As we got closer to Kobarid the mountains grew taller, creeping ever closer to the Soca River Valley. They broke into folds and fissures, tumbling towards the small town set out below them. After two and a half hours on the road we wound our way into Kobarid. The town was in a gorgeous setting. The Soca River, a vibrant strand of liquid turquoise, slithering down the valley. The mountains hovering above Kobarid were blanketed with thick forests. Behind these mountains were the barren summits of peaks intermittently airbrushed by misty clouds. Kobarid looked like a miniature town compared to the dramatic landscape surrounding it. In his novel A Farewell To Arms, Ernest Hemingway described Kobarid as “A little white town with a campanile in a valley.”
The campanile was still there and many of the houses were white, but their architecture was modern. A much more recent cataclysm than the Great War, an earthquake in 1976, left the town badly damaged. It had come back in style, strikingly clean and quaint, with curving streets and Italianate architecture. Kobarid had a relaxed and peaceful air about it. It may not have been the exotic Caporetto of my imagination, but it still felt a bit like an inland Mediterranean village. The town and setting matched each other perfectly, so much so that it was hard to imagine a World War shattering this bucolic image, but that was exactly what had happened.
Ominous Monuments – Memories Of A Prolonged Nightmare
There were only two buildings in Kobarid evocative of the war that had made it so famous, the Kobarid Museum and Italian Charnel House. The latter was completed in 1938, in time for Mussolini to make an appearance at its dedication. The Charnel House loomed over the town, an ominous monument to life and death that could be seen from miles away on the road into Kobarid. It was a chilling reminder of the deadly warfare that had brought the area more infamy than glory. Kobarid or Caporetto as the Italians called it has been rated by some as the greatest military disaster in Italian history. Conversely, the Slovenes who now make up the town’s population had a unique experience with that same conflict. As members of the Austro-Hungarian Army they had fought on the winning side in the battle and the losing side of the war. Eventually they ended up with Kobarid on their side of the border, but not before another World War did its destructive work.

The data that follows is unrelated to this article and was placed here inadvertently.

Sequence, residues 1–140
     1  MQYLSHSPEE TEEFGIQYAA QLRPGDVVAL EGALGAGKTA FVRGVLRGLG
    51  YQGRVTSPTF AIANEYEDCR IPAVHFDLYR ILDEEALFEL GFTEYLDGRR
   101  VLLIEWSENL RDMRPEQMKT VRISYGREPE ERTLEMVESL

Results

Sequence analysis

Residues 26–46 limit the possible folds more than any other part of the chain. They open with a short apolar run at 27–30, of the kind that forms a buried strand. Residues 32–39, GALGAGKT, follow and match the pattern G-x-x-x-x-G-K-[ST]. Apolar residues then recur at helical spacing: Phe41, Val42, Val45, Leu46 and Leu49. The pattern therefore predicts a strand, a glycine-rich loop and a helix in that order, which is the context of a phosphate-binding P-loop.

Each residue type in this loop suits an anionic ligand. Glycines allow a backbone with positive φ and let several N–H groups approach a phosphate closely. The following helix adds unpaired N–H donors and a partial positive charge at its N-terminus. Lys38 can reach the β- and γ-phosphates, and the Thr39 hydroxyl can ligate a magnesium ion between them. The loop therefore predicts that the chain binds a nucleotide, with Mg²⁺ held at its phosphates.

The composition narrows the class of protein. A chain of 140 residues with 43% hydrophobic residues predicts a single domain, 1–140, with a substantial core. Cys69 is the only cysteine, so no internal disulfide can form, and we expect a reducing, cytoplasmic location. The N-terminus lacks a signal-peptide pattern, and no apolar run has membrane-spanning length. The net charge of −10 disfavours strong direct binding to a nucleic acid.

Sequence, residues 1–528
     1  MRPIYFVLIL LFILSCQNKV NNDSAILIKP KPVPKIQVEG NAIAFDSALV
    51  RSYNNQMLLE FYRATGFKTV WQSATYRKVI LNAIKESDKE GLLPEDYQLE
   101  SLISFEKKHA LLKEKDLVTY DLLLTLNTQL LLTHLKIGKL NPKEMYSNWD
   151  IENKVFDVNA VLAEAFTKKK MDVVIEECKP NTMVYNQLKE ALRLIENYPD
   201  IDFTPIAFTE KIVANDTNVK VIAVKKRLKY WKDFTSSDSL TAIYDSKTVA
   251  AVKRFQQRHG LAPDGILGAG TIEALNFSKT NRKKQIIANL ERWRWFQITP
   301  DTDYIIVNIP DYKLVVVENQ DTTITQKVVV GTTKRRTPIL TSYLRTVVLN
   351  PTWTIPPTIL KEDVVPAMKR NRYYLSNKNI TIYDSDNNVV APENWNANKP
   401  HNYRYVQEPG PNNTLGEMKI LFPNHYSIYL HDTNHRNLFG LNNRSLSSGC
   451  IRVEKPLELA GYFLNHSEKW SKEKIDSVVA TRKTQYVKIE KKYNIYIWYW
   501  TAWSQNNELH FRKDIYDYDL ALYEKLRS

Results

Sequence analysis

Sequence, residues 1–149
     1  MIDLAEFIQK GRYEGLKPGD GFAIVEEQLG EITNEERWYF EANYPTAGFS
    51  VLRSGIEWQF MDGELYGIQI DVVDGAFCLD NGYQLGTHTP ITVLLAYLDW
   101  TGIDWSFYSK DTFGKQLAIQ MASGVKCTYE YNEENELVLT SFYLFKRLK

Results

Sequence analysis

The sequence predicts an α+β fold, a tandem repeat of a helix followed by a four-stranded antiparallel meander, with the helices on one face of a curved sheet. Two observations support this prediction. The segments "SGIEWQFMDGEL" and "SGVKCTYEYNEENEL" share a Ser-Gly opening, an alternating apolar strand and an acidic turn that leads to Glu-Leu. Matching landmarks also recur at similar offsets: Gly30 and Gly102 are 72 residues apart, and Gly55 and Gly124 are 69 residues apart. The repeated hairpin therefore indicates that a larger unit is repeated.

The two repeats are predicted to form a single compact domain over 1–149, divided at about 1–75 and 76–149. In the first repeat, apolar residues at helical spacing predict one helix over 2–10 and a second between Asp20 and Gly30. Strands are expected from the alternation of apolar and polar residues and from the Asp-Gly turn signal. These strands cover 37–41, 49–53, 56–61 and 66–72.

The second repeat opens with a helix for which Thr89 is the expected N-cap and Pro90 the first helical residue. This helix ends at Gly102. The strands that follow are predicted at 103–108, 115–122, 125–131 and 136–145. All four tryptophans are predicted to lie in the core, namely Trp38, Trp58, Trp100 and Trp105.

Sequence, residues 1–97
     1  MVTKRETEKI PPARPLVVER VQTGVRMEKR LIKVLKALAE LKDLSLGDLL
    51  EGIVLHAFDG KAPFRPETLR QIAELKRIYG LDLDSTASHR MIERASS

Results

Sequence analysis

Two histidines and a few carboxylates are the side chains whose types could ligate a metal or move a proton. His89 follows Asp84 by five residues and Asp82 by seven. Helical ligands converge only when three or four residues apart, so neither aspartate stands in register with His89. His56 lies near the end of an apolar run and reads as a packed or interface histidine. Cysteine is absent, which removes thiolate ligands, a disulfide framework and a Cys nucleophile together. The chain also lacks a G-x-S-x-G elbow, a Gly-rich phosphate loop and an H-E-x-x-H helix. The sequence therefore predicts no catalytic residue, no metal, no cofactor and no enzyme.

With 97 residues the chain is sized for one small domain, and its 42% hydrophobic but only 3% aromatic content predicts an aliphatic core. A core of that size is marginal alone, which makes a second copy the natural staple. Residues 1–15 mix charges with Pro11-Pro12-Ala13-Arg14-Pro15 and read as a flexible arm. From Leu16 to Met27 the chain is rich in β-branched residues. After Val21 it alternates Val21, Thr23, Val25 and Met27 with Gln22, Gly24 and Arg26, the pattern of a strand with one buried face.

The other building, known as the Kobarid Museum, was famous for its portrayal of the war. When we pulled up close to the multi-storied Baroque building housing it, I wondered if it would be as good as advertised. Museums in small provincial towns are usually just that, small and provincial. The Kobarid Museum was supposed to be one of the best. I could hardly wait to see it. The museum was just as good as its reputation. In the entrance foyer were portraits of soldiers like many of the ones I have seen at the beginning of other World War I exhibits. This exhibit area was different because there were tombstones from graves found in the surrounding area, a reminder of where the fighting had led for hundreds of thousands. There were separate rooms set aside for the history of Kobarid, the fighting high up in the Slovenian Alps, how soldiers suffered in the alpine environment, life behind the lines, the fighting along the Soca River valley and the Battle of Kobarid. It was just enough information, but not too much. Most importantly it was memorable.
The Hell They Went Through – Images Seared Into The Memory
The true test for me of a first-class museum is if you can remember one specific thing about it. Whether that is an artifact, a photo or a certain exhibit that leaves an unforgettable impression. Kobarid Museum left me with such a memory as seen through the eyes of my friend Darja. While viewing the museum I wondered what the two Darja’s thought of it all. They looked closely at the exhibits just as I did. Their patience with my need to study each exhibit was incredible. I felt embarrassed that the Italian Front, as represented in this museum, was an unending display of chauvinism. Guns and swords, battle flags, photos of trenches, maps of the opposing forces dispositions, uniforms, insignia and medals, this was an all-male affair. Or so it seemed.
It was easy to forget amid all the martial paraphernalia that every soldier who had wielded a weapon was not a son of a bitch, but a mother’s son. Those soldiers in the black and white photographs were not so distant to those who held them in their hearts back home. They were longed for by mothers, sisters and daughters who could not imagine the hell they were going through in northern Italy. What they went through was most graphically depicted in a series of photographs showing the permanent wounds suffered by the soldiers. These were found in the quite fittingly named Black Room, one of the final exhibits. The images were searing. They showed men whose faces had been permanently rearranged by the bullets and shells that were so harmlessly displayed in the other exhibits. These were the true faces of war contorted into grotesque forms that looked sub-human.
A Reactionary Gasp – Facing Off
One photo showed a man who nose was misplaced and swollen. His left eye slumped badly, while his right eye was still in its proper place. There were three other photos arranged with this one, each showing men with permanent wounds scarring their faces or what was left of them. When Darja saw this picture her reaction was visceral. A reactionary gasp flew from her mouth, she recoiled in horror, then turned around and looked at me. Her expression said it all, it was one of horrific shock. She was saying to me in unspoken terms, “Can you imagine?” I knew exactly what she meant. In her expression I saw exactly what I was feeling. We had both seen the face of battle, one that nobody ever forgets.